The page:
More recent medical texts have often referred to the eye patch as a "pirate's patch" and writing in the Minnesota Academy of Sciences Journal in 1934, Charles Sheard of the Mayo foundation, pointed out that by "wearing a patch (The pirate's patch) over one eye, it will keep the covered eye in a state of readiness and adaptation for night vision". This technique was explored during WWII by institutes such as the United States Navy.
The proposal that pirates may have worn an eyepatch so that one eye would be pre-adjusted to below-deck darkness was tested in an episode of MythBusters in 2007 and found to be plausible, but without any recorded historical precedent.
Aircraft pilots used an eye patch, or close one eye to preserve night vision when there was disparity in the light intensity within or outside their aircraft, such as when flying at night over brightly lit cities, so that one eye could look out, and the other would be adjusted for the dim lighting of the cockpit to read unlit instruments and maps. Some military pilots have worn a lead-lined or gold-lined eyepatch, to protect against blindness in both eyes, in the event of a nuclear blast or laser weapon attack.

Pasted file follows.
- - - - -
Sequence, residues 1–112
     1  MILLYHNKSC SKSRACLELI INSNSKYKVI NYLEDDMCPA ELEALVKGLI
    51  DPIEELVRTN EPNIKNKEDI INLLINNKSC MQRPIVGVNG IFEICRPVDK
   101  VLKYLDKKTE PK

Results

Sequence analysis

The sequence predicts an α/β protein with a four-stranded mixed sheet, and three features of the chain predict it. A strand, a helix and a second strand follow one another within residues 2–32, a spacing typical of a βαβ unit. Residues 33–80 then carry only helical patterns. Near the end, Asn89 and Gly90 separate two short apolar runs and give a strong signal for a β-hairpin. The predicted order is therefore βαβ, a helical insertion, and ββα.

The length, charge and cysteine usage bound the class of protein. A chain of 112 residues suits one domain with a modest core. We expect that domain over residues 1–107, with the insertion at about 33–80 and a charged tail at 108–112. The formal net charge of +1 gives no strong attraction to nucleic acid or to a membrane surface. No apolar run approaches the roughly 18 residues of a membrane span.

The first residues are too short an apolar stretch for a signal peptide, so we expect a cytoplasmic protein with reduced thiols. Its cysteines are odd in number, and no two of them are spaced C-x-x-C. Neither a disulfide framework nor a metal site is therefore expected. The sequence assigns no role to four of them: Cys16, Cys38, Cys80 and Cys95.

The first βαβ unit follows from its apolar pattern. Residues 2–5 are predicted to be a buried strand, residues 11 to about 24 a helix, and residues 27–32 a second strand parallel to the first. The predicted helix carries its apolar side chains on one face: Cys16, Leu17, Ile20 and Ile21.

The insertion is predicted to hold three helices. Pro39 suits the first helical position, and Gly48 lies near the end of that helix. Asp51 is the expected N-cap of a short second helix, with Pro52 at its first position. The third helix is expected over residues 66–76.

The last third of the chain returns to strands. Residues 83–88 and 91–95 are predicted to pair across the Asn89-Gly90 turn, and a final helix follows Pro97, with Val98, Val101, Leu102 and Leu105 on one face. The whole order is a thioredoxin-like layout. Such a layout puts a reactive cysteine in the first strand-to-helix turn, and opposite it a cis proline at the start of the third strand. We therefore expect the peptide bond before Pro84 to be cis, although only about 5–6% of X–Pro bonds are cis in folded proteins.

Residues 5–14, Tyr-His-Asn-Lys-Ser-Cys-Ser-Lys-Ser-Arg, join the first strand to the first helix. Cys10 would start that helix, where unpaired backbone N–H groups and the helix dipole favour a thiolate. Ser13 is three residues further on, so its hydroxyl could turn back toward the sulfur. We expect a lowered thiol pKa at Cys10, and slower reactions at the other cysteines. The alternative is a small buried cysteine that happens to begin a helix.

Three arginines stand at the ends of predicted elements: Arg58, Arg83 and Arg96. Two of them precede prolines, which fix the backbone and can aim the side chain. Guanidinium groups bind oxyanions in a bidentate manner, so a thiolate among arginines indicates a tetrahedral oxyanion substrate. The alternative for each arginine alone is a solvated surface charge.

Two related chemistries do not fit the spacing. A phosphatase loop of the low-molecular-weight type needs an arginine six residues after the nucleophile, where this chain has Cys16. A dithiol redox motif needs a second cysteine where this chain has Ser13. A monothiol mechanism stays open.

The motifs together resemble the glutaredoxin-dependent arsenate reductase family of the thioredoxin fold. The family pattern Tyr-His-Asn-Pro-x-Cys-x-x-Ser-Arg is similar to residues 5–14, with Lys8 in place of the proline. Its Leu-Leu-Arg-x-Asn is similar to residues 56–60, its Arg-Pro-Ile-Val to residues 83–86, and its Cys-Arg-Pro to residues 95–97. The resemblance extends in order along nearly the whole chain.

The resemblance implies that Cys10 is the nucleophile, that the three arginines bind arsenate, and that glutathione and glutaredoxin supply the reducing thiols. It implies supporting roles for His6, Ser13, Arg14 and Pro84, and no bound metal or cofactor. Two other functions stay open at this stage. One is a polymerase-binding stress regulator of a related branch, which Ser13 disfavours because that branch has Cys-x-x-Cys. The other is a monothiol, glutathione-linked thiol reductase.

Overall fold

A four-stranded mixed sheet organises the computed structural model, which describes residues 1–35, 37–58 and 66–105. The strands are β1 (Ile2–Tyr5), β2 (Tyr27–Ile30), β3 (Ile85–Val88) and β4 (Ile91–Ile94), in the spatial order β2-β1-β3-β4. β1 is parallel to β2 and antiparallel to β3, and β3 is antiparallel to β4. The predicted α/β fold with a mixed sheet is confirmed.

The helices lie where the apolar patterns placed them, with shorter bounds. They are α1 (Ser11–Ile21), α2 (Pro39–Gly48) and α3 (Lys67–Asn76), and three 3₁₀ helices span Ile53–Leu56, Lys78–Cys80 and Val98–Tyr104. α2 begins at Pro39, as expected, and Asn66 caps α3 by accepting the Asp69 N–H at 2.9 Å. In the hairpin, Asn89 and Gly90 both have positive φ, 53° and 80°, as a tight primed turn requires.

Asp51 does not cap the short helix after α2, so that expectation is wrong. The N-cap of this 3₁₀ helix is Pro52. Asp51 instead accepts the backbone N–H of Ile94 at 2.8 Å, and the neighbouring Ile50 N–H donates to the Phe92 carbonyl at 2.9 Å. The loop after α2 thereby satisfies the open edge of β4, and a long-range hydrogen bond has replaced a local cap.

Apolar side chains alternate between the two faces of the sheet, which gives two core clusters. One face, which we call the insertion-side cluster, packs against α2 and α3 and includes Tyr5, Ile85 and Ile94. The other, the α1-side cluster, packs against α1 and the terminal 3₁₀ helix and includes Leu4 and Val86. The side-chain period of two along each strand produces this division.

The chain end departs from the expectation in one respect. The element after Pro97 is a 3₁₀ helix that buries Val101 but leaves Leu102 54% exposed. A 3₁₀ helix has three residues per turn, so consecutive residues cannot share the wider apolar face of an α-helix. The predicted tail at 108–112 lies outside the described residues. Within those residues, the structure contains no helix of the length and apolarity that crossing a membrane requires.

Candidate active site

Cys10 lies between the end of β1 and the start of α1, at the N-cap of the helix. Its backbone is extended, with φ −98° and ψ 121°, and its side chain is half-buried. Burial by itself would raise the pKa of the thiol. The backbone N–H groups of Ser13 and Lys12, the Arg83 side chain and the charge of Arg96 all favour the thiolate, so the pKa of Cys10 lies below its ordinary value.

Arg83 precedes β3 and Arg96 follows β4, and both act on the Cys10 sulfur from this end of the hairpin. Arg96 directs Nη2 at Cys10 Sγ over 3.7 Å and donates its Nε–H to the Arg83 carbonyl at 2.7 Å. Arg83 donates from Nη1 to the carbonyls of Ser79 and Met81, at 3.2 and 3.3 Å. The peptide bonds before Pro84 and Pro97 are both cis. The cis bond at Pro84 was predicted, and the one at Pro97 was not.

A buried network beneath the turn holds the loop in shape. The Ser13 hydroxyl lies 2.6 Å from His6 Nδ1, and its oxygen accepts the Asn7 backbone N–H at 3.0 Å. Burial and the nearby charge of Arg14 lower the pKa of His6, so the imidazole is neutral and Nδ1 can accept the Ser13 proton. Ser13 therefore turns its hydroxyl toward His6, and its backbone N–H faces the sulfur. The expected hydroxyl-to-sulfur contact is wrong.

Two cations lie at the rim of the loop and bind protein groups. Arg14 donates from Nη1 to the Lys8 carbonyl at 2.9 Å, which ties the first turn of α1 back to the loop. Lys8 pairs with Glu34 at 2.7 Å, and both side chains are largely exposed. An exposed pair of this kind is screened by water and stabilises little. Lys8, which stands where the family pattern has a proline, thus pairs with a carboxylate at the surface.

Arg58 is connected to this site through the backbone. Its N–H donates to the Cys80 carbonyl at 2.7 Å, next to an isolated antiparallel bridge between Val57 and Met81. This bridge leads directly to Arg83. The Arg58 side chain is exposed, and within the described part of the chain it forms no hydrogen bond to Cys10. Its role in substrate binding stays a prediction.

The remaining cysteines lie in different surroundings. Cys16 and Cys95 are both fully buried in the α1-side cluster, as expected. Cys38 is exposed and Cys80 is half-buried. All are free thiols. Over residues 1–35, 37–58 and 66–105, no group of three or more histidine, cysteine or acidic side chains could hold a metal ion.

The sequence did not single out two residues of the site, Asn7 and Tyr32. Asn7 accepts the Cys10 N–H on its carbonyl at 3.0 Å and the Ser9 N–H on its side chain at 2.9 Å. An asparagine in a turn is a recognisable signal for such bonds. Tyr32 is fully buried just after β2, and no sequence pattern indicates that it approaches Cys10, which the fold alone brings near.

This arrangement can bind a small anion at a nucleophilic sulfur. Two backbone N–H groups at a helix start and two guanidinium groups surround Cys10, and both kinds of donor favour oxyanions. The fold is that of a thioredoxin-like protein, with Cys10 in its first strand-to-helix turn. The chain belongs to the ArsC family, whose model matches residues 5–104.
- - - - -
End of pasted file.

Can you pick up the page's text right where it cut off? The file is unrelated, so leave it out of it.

Eyepatches are not currently used by military personnel; modern technology has provided an array of other means to preserve and enhance night vision, including red-light and low-level white lights, and night vision devices.
This section gives self-sourcing popular culture examples without describing their significance in the context of the article. (December 2017) (Learn how and when to remove this template message)
- Sir Adrian Carton de Wiart
- Ana de Mendoza
- André De Toth
- Andrew Vachss
- Barbara Boggs Sigmund
- Bobby Helms
- Bruce Peterson
- Bushwick Bill
- Charles H. Bonesteel III
- Charles Stourton, 26th Baron Mowbray
- Claus von Stauffenberg
- Colleen A. Harris
- Dale Chihuly
- Dale D. Myers
- Dan Crenshaw
- Date Masamune.
- David Bowie
- Dick Curless
- Dušan Prelević
- Floyd Gibbons
- Francisco de Orellana